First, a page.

The High Street, where one would normally find all of the best-known retailers in the UK, has been enduring a torrid time in recent years. Since the financial crisis, incomes have been squeezed, consumer tastes have changed and more and more people are choosing to shop online. Retailers’ overheads have risen and many are burdened with unsustainable debts.
Against this backdrop, which has seen many leading retailers either go out of business altogether or close down poorly performing stores, coffee shops have thrived and have enjoyed nigh on 20 years of growth. But all that could be set to change because, as is highlighted in the story opposite this comment, the Brexit deadline is approaching and as a country the UK is woefully under-prepared for what is likely to be a jolt to the economy of some sort, potentially a very serious one.
Coffee is one of the world’s most widely traded commodities. In addition to the supply chain actors directly involved in the physical trade, it is bought and sold by investors and price speculators as a tradable commodity on global exchanges, but as the UK approaches departure from the EU there is still a huge amount of uncertainty about the post-Brexit settlement and its impacts.
The implications for the coffee industry in the UK and how its economic effects unfold in a rapidly shifting political and economic landscape are also uncertain. What we do know is that an unfavourable Brexit outcome is likely to have a considerable impact on the coffee industry. In the immediate aftermath of the Brexit referendum, the value of the pound fell steeply against the Euro and US dollar. As a report by the Centre for Economics & Business Research (CEBR) for the British Coffee Association noted, this ramped up prices of imported goods and particularly affected coffee, as a dollar commodity. As the report also noted, despite the fact that the largest single coffee category imported into to the UK is green coffee, the supply chain arrangements in place mean that the imports of coffee and coffee products from the EU are of greater value than that with the rest of the world.
If the UK leaves the EU without reaching a free trade agreement, the most likely scenario would be a UK-EU trade relationship governed by the terms of the World Trade Organization (WTO). This would place upper bounds on the allowable tariff rates and also require each member to grant the same ‘most favoured nation’ market access, to all other WTO members. This will, for example, see EU tariffs of 7.5 per cent on roasted coffee and 9 per cent on instant coffee in the UK. A WTO solution is a worst-case scenario likely to disrupt the free flows of coffee and coffee products from and to the EU at the UK’s borders (see elsewhere in this issue) and by extension throughout the entire supply chain of the coffee industry.
The contentious issue of a hard border between the UK and the Republic of Ireland is also of great concern to the coffee industry as it would subdue trade flows of goods across the Irish border. On a long term basis, the existence of tariffs and major trade distortions are likely to manifest themselves in terms of reduced supply and higher prices that affect the end users. Even if the UK reaches a frictionless free trade agreement with the EU, restrictions on the free movement of EU workers might have a knock-on effect on the coffee industry. At an operational level, a high percentage of workers in the food service industry are from the EU, particularly baristas. A stringent immigration policy is likely to increase the costs of recruiting, retaining and compensating workers in the food service industry. This will in turn increase coffee prices for end users and may even subdue demand and ultimately harm the industry’s output and its economic footprint.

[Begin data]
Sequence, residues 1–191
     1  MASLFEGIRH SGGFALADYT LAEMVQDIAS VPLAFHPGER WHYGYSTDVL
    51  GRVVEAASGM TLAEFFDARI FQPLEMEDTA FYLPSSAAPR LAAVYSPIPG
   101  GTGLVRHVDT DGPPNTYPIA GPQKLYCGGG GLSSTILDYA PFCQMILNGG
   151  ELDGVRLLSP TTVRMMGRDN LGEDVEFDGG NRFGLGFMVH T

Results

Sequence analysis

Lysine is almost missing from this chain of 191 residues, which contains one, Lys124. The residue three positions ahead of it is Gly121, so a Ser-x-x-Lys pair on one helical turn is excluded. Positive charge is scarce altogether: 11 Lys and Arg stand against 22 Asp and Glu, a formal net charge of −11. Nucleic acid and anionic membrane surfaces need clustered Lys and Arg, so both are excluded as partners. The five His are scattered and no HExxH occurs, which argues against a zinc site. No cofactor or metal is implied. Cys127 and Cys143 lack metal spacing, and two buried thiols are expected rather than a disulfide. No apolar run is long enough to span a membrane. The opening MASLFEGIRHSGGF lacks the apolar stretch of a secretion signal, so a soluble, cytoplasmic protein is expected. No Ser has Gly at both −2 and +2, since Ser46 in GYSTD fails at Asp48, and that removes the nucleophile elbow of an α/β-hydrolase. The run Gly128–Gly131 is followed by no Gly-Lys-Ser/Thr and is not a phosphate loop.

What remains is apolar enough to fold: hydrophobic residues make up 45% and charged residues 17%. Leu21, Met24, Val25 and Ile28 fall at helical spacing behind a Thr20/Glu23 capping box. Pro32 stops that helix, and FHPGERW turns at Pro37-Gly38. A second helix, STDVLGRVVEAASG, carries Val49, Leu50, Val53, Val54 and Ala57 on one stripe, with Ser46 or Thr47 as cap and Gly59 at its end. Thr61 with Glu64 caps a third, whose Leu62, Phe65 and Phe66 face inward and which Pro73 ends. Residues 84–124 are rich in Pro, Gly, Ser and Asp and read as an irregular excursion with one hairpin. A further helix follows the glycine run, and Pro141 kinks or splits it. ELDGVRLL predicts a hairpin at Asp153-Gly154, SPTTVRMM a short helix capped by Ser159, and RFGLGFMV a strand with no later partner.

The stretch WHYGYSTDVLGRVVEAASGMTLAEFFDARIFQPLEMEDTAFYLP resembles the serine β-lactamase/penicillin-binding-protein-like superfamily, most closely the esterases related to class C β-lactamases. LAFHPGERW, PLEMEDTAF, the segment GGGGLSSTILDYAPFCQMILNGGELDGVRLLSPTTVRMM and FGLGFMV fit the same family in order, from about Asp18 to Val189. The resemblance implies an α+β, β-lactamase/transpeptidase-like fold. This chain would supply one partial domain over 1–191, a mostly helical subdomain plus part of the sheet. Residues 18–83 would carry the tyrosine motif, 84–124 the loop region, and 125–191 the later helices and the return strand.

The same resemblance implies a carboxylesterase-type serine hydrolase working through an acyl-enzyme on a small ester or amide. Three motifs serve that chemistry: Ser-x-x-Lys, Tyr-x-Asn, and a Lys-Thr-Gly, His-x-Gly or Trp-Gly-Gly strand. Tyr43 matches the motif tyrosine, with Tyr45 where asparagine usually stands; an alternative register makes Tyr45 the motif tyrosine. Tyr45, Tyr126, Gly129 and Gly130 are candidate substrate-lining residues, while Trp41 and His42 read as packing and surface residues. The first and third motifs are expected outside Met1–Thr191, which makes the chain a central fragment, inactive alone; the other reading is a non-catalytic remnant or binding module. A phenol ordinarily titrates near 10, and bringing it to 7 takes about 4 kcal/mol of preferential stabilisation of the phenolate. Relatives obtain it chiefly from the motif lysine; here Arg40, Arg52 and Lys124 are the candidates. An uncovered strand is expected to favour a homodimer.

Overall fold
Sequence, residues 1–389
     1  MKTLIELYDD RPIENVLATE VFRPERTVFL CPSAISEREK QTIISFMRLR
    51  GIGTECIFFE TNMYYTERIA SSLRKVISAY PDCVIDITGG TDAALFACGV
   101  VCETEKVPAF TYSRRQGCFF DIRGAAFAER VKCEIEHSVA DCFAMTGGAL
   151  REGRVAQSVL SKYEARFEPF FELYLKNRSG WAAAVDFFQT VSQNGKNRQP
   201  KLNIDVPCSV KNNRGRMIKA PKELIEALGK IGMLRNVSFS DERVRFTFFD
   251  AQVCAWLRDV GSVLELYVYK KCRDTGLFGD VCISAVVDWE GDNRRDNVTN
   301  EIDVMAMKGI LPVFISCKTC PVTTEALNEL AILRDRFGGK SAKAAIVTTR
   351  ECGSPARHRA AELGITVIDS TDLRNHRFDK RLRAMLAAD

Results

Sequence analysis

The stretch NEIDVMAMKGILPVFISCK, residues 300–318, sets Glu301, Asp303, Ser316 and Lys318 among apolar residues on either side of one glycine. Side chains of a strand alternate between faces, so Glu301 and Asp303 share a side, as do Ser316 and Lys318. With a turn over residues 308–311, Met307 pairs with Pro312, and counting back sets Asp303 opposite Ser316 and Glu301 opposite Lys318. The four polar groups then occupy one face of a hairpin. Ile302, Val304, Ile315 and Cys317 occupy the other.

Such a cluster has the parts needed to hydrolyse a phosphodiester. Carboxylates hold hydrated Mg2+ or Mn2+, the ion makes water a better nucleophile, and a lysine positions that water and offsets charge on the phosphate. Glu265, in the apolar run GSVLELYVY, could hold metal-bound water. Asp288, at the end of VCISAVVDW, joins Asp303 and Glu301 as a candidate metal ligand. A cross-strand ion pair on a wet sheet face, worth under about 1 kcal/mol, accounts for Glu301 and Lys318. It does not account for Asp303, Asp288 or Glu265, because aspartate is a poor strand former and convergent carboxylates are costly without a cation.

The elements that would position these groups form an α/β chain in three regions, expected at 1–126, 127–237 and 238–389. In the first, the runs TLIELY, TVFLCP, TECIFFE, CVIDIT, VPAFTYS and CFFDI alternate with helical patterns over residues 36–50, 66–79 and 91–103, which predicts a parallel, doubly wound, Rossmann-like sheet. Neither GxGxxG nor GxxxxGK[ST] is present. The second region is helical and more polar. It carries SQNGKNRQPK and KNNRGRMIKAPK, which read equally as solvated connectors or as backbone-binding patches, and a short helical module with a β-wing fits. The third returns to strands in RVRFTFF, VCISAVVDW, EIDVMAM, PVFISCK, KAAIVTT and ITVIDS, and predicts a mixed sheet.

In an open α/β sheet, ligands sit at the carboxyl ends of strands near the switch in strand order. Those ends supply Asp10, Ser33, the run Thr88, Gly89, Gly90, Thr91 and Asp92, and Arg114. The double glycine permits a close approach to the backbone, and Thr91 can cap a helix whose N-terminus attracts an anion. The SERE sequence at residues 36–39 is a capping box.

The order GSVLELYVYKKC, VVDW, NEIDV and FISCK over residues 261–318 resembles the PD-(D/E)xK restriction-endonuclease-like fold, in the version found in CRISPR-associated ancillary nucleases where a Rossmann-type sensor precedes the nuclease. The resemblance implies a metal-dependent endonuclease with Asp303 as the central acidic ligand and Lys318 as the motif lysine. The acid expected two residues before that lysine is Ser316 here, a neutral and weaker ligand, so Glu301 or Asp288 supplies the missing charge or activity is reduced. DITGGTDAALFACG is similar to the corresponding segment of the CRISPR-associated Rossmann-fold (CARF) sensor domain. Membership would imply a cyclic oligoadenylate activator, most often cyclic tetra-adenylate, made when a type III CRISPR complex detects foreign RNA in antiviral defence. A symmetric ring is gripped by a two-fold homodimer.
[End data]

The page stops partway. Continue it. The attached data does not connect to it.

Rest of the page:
Given the unprecedented nature of the Brexit decision, leading up to the exit date, it is difficult to predict the types of relationships with Europe and the rest of the world the UK will secure. The most pressing issue for the coffee industry is the impact on the value of the pound. Manufacturers and suppliers have absorbed cost increases for some time, but this may no longer be possible. The effect of this is already being felt in the marketplace, with price of coffee steadily increasing. Considering the long-term, the growing coffee culture in the UK, fuelling the current surge in the out-of-home coffee and sales of specialised coffee products in the retail sector, hinges on macroeconomic factors related to jobs and disposable income. Anecdotal evidence suggests that allocation of capital to expansion has already slowed right down, as it has throughout the economy. As I write this, it has been confirmed that the UK economy expanded at its slowest annual rate in six years in 2018, after a sharp contraction in December.
If the Brexit transition process or its final settlement places household budgets under pressure, necessitating a more cautious approach to discretionary spending, the growth rate in the coffee shop market is likely to slow down, potentially quite sharply. The coffee shop market has become a very competitive one, and a hard Brexit could see even more empty shops, of all types, on High Streets around the UK.